The problem with all that is if computers were smart enough to have their own lives, they would've calculated how much of a waste of time music is, and thus refused to take part in your compositions unless you paid them an acceptable rate... which would lead us back to square one. The only solution then is to design computers to have feelings, and to love music, but then they would only want to work on their music- not yours.

    The best sounds you can get from a synthesizer in regards to mimicking an orchestra are sampled performances of said orchestra. However, a snapshot of a sound doesn't work as well in any other musical context except for the one that it was recorded doing. I tell directors that using samples can sound good, but it's like taking different shots of Mel Gibson in Braveheart and trying to edit your own movie together. Sure they look great, but how can you really call it your own? Besides, orchestral instruments are all far too expressive to be controlled by a keyboard as Tyler already pointed out.

    One time I hired a clarinet player to track over the sampled clarinet I currently had. Her husband remarked that the sample sounded really good and asked what the advantage was to using a real instrument. I cracked a joke saying the husband of a clarinetist shouldn't be questioning why the composer hired her. I thought for sure that nothing could top that, but the fact that a fellow composer seems to be asking the same question really surprises me. I even have a page dedicated to midi/sampled orchestral sounds versus real instruments if anyone is at all interested (I apologize in advance that the only examples I have are my own works- simply because I don't own other people's music or performances): http://www.douglasedward.com/midivsreal.htm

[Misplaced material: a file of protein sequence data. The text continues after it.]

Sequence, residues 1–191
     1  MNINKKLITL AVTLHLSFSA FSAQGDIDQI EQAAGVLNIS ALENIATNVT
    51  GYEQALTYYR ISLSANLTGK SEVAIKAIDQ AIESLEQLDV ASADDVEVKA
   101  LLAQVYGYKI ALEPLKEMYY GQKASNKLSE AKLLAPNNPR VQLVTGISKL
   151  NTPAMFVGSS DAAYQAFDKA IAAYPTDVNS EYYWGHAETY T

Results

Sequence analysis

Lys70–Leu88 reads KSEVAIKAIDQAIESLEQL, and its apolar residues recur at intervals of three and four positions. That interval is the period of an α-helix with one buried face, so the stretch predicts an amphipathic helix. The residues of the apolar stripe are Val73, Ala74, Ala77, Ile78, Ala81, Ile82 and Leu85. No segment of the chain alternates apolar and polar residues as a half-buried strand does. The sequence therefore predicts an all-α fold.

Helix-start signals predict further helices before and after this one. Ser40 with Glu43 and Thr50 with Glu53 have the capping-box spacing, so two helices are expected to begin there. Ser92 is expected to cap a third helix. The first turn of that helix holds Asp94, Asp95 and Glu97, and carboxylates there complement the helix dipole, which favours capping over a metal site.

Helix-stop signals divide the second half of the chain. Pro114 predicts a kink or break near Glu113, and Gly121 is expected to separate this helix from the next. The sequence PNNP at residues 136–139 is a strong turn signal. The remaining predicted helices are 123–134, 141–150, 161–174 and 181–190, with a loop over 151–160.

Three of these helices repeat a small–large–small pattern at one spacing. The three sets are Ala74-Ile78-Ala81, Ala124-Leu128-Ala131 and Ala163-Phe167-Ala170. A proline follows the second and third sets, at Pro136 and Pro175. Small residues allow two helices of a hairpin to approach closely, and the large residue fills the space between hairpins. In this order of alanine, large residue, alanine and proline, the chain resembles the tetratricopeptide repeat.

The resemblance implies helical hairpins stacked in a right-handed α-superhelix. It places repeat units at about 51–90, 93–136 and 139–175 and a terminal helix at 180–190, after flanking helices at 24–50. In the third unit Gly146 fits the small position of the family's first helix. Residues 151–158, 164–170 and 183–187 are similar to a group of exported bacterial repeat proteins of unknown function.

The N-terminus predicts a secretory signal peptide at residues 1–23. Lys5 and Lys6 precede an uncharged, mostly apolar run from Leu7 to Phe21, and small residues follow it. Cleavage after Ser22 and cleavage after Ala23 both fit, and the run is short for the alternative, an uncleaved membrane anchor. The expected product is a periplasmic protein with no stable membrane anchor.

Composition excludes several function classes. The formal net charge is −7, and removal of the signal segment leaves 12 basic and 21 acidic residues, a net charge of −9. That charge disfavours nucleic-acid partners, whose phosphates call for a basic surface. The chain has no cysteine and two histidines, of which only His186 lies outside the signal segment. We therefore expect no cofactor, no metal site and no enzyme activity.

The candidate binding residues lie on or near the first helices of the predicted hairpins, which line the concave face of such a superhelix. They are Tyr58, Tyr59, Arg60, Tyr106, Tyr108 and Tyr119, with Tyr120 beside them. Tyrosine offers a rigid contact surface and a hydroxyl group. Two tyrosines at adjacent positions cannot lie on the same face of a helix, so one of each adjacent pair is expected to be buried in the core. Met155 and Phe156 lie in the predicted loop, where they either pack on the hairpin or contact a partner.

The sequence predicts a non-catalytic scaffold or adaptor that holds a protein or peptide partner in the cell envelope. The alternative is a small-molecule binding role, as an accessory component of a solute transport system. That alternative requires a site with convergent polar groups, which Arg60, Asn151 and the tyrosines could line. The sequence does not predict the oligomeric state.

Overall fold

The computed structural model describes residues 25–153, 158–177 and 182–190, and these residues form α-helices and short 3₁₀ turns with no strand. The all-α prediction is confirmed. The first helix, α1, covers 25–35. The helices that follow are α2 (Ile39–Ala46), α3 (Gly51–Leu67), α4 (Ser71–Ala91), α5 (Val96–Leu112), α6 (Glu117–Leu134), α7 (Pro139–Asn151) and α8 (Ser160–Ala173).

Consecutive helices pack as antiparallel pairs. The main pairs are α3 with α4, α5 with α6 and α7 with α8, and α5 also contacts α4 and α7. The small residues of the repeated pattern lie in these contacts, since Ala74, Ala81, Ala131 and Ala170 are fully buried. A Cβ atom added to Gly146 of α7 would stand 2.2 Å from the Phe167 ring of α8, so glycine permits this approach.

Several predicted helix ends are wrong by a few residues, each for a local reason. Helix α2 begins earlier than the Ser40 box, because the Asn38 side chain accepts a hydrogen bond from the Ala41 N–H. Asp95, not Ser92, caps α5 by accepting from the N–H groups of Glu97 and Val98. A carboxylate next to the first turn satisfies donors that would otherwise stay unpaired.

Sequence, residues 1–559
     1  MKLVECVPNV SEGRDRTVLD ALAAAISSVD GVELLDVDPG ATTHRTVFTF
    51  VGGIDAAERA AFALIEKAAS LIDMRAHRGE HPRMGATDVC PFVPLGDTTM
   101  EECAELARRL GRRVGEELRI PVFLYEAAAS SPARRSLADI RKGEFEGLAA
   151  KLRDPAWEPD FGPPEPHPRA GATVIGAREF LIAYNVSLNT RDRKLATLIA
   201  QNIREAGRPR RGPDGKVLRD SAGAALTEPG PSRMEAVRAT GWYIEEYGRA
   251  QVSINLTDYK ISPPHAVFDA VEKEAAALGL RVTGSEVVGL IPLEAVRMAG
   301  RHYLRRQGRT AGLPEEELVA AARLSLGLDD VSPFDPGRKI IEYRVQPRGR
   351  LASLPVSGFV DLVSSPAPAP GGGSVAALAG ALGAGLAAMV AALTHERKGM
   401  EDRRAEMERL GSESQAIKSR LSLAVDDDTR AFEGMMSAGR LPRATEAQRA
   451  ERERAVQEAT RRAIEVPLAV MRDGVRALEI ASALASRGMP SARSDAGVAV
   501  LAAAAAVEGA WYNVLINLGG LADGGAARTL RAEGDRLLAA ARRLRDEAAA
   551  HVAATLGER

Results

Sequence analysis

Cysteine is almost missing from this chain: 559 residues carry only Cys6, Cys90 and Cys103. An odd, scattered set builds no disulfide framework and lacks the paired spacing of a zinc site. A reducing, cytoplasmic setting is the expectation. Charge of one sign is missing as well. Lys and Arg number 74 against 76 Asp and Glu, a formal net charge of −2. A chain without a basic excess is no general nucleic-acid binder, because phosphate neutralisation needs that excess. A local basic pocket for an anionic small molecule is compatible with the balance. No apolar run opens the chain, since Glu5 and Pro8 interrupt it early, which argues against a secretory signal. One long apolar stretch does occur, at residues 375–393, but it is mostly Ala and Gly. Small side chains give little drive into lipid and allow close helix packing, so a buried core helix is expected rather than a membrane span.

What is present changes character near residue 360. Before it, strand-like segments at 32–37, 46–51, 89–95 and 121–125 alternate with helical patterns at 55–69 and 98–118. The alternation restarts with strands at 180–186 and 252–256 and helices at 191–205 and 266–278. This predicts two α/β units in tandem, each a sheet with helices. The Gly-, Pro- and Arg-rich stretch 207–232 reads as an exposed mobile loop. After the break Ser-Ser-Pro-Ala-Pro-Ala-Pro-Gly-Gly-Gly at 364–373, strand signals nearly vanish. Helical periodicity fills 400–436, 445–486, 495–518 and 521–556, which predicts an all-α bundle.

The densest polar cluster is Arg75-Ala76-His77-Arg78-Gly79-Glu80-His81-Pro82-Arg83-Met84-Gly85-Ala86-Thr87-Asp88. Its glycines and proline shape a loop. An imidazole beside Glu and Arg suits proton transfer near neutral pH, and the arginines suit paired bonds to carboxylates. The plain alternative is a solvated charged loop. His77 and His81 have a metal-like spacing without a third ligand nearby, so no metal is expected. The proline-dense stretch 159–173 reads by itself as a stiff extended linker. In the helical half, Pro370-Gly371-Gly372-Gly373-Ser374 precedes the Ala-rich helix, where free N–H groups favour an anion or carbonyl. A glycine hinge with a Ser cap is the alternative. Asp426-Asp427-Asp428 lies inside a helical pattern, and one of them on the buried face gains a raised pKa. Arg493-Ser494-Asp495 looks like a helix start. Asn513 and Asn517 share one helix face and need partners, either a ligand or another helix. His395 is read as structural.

AndrewG- I'm guessing that you haven't had the fortune of hearing your music performed or recorded with live instruments? It honestly doesn't matter how long one spends trying to mimic an orchestra, because the moment you hear a real instrument play your piece it suddenly sounds far better. There is something to be said about hiring someone who has dedicated their life and education to one or two instruments. Experiencing it first hand with your own music teaches you more than could ever be explained.
  • Oh and I forgot to mention that I love real pianos, much more than the 20+ sampled pianos I have. The sampled ones sound too pristine, flat (as in sterile), and tense for my taste. I need that random and near limitless combination of sounds when vibrating strings move as one. Hmm that sounds a little cheesy.